Opinion

Commentary: Osama bin Laden is gone but we shouldn't forget him

The late Osama bin Laden.
The late Osama bin Laden. AP

While “good riddance” and far more condemnatory — even expletive-filled — epitaphs have been intermingled with Americans’ celebration and jubilation over the killing of hated terrorist Osama bin Laden, the unfortunate truth is that “gone but not forgotten” will and must be our reality.

Yes, I know, we usually reserve that one for loved ones or someone we respect and cherish. But as much as America and many across the globe wanted al-Qaida’s maniacal mastermind gone, how do you forget someone who changed your way of life?

When bin Laden orchestrated the most heinous foreign attack ever on American soil on Sept. 11, 2001, killing more than 3,000 citizens in the World Trade Center twin towers, the Pentagon and Flight 93, America was forever changed. We were drawn into two wars that have claimed upwards of 5,500 U.S. lives and left tens of thousands injured. Countless soldiers who haven’t lost their limbs have lost their nerves and their families. Government-sanctioned eavesdropping was expanded exponentially, pat-downs at airports and other elements of tight security became our new norm. Citizens once embraced as neighbors and friends became suspect because of their last names, the way they dressed, the color of their skin or how they worshipped. Our government changed, most noticeably with the creation of the Department of Homeland Security. Our politics changed, as some candidates for office and political parties began to declare their fitness for office or ability to lead only in terms of who could keep us safe or best prosecute a war.

Yes, bin Laden, the world’s most wanted man, he who taunted us continually via grainy film and audio tapes, is gone, killed Sunday in Pakistan in a raid by a heroic team of American operatives.

But we’ll never return to the America that we were before that fateful day in September of 2001.

Many are saying that this is an end or an era. To some extent, that’s true. This marks the end of a nearly 10-year effort to bring some level of closure to the 9/11 attacks. Many people have felt that regardless of how much damage and pain had been inflicted on the Taliban or al-Qaida, the fact that bin Laden was still on the loose and seemingly able to tantalize us at will meant that a debt had not been satisfied, that justice had been denied.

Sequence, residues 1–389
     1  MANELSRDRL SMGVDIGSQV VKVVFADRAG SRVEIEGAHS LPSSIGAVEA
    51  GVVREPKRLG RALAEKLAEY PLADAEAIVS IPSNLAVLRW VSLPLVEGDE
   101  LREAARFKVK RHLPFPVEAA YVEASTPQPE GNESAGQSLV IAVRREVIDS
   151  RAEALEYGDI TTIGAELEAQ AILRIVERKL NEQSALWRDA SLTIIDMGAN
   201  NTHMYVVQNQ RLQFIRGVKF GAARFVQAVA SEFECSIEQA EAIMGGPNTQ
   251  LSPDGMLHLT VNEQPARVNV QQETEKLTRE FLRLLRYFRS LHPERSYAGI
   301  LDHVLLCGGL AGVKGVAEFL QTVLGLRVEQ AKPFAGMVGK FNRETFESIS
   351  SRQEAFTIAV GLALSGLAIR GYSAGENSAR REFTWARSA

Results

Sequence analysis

President Obama’s declaration that “Justice has been done” indeed rings true. This closes an important chapter in the war on terror.

Bin Laden was the face of not only the 9/11 attacks on U.S. soil, but terrorism the world over. Probably not since Adolf Hitler had there been one so reviled and sought after. Yes, there was much celebration when U.S. forces dug Iraq’s Saddam Hussein out of a hole at a farmhouse in Tikrit and took him into custody; he would later be tried and hanged by Iraqis. But even the murderous Saddam, who mercilessly slaughtered his own people, came a distant second to bin Laden.

Perhaps deranged, bin Laden was a calculated, evil murderer who detested the United States and all it stood for. Frankly, al-Qaida wreaked havoc the world over. And while we Americans focused most heavily on him because of 9/11, this terror monger was a thorn in America’s side for nearly two decades. Remember the 1993 bombing at the World Trade Center? Remember the USS Cole bombing?

Gone, yes, but not forgotten. And we must never forget the kind of damage and carnage evil men can cause. We must never forget that there are real enemies of America who are intent on exacting real and lasting harm to our people and way of life. Our only defense is a united citizenry and leadership who work across racial, ethnic, political and ideological lines to preserve and protect the unique spirit of America.

For a moment after Sept. 11, 2001, it seemed as if we understood that: Republicans and Democrats in Washington locked arms and stood behind the president. It seemed that they would come together not only to defend the country but to shape sound, reasonable domestic policy. The love didn’t last long; the bitter partisan bickering and gridlock returned with a vengeance.

Sunday’s welcome word of bin Laden’s demise arrived in the midst of the nonsensical birther movement, tea party rage, partisan division and ideological warfare on Capitol Hill and at state houses around the country, including in South Carolina. At a time when we’ve divvied ourselves up into sides — us versus them — the nation’s most wanted enemy goes down in a firefight at the hands of valiant members of our mighty military.

Chances are that a hobbled al-Qaida’s next move will be an attempt at retaliation.

What’s our next move? Will we lock arms, circle the wagons behind President Obama and face the enemy as well as the domestic problems that are staring us down? Or will we continue to go Pogo on one another, satisfied that “We have met the enemy, and he is us”?

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